Graphene balls improve oils lubricants performance
Scientists and researchers at Northwestern University try to solve the problem of wasted fuel in vehicles due to friction, because, for the average car, 15 percent of the fuel consumption is spent overcoming friction in the engine and transmission. When friction is high, gears have to work harder to move.
This means the car burns more fuel and emits more carbon dioxide into the atmosphere. Every year, millions of tons of fuel are wasted because of friction, of course that bad for the environment and economic also.
Researchers tested crumpled graphene balls as a lubricant additive. In a series of tests, oil modified with crumpled graphene balls outperformed some commercial lubricants by 15%, both in terms of reducing friction and the degree of wear on steel surfaces.
About five years ago discovered crumpled graphene balls are a novel type of ultrafine particles that resemble crumpled paper balls. The particles are made by drying tiny water droplets with graphene-based sheets inside. The scientists explain that capillary force generated by the evaporation of water crumples the sheets into miniaturized paper balls, just like how we might crumple a piece of paper with our hands.
Nanoparticles, particularly carbon nanoparticles, have been previously studied to help increase the lubrication of oil. The particles, however, usually do not disperse well in oil and instead tend to clump together, which makes them less effective for lubrication. The particles may jam between the gear’s surfaces causing severe aggregation that increases friction and wear. To overcome this problem, past researchers have modified the particles with extra chemicals, called surfactants, to make them disperse. But this still doesn’t entirely solve the problem as surfactant molecules can rub off and decompose, making the particles clump up again.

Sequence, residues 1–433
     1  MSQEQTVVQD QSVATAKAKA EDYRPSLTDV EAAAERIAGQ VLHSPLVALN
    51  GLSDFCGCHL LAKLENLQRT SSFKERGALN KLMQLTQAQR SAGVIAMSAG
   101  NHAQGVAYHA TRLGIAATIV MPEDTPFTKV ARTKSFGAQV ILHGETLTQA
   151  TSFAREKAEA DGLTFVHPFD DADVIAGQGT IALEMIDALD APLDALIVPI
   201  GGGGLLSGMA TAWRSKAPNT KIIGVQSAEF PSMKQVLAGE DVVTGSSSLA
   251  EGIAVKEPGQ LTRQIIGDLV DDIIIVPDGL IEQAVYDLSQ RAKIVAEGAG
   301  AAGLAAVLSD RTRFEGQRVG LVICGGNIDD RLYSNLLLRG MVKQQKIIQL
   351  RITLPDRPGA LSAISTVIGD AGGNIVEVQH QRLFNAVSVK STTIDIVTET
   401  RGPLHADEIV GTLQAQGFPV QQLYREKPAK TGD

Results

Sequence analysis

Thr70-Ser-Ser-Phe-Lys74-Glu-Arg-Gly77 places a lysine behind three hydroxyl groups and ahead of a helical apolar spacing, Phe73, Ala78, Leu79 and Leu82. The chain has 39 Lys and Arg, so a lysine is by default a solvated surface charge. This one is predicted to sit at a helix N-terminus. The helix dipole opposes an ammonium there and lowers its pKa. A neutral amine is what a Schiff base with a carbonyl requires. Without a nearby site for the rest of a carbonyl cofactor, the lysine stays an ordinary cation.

Their unique shape makes crumpled graphene balls self-disperse without needing surfactants, as their pointy surfaces render them unable to make close contact with other graphene balls. Even when they are squeezed together, they easily separate again when disturbed.
With their pointy surfaces, they are unable to make close contact with the other graphene balls. Even when they are squeezed together, they easily separate again when disturbed. researchers team also found that performance of crumpled graphene balls is not sensitive to their concentrations in the oil. A few are already sufficient, and if you increase the concentration by 10 times, performance is about the same, So for all other carbon additives, such performance is very sensitive to concentration, and research work to find the sweet spot.
The problem with finding a sweet spot is that, during operation, the local concentration of particles near the surfaces under lubrication could fluctuate. This leads to unstable performance for most other additive particles.” Next, the team plans to explore the additional benefit of using crumpled graphene balls in oil: they can also be used as carriers. Because the ball-like particles have high surface area and open spaces, they are good carriers for materials with other functions, such as corrosion inhibition. Explore further: Researchers Discover New Properties of World’s Thinnest Material More information: Self-dispersed crumpled graphene balls in oil for friction and wear reduction.